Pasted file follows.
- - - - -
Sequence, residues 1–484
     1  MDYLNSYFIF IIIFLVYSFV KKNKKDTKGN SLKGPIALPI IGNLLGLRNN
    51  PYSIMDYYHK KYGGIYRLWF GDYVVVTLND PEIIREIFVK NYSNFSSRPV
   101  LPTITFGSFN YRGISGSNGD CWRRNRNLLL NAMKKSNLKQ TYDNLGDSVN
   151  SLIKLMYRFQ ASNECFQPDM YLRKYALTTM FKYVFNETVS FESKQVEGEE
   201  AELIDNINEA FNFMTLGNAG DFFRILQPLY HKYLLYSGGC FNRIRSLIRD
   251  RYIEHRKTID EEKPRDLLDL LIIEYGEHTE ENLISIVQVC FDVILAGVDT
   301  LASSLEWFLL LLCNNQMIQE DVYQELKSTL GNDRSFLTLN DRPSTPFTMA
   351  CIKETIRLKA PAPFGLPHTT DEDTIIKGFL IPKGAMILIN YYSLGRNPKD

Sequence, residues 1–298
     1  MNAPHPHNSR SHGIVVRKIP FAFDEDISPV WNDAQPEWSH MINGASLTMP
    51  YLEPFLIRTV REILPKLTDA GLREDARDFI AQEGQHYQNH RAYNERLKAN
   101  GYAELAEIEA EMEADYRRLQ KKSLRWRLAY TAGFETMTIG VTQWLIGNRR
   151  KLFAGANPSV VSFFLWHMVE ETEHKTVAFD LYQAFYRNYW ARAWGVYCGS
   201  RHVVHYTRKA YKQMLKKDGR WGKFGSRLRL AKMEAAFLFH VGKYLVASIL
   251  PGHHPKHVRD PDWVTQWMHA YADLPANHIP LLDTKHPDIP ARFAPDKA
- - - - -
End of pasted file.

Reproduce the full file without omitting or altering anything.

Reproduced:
Sequence, residues 1–484
     1  MDYLNSYFIF IIIFLVYSFV KKNKKDTKGN SLKGPIALPI IGNLLGLRNN
    51  PYSIMDYYHK KYGGIYRLWF GDYVVVTLND PEIIREIFVK NYSNFSSRPV
   101  LPTITFGSFN YRGISGSNGD CWRRNRNLLL NAMKKSNLKQ TYDNLGDSVN
   151  SLIKLMYRFQ ASNECFQPDM YLRKYALTTM FKYVFNETVS FESKQVEGEE
   201  AELIDNINEA FNFMTLGNAG DFFRILQPLY HKYLLYSGGC FNRIRSLIRD
   251  RYIEHRKTID EEKPRDLLDL LIIEYGEHTE ENLISIVQVC FDVILAGVDT
   301  LASSLEWFLL LLCNNQMIQE DVYQELKSTL GNDRSFLTLN DRPSTPFTMA
   351  CIKETIRLKA PAPFGLPHTT DEDTIIKGFL IPKGAMILIN YYSLGRNPKD

Sequence, residues 1–298
     1  MNAPHPHNSR SHGIVVRKIP FAFDEDISPV WNDAQPEWSH MINGASLTMP
    51  YLEPFLIRTV REILPKLTDA GLREDARDFI AQEGQHYQNH RAYNERLKAN
   101  GYAELAEIEA EMEADYRRLQ KKSLRWRLAY TAGFETMTIG VTQWLIGNRR
   151  KLFAGANPSV VSFFLWHMVE ETEHKTVAFD LYQAFYRNYW ARAWGVYCGS
   201  RHVVHYTRKA YKQMLKKDGR WGKFGSRLRL AKMEAAFLFH VGKYLVASIL
   251  PGHHPKHVRD PDWVTQWMHA YADLPANHIP LLDTKHPDIP ARFAPDKA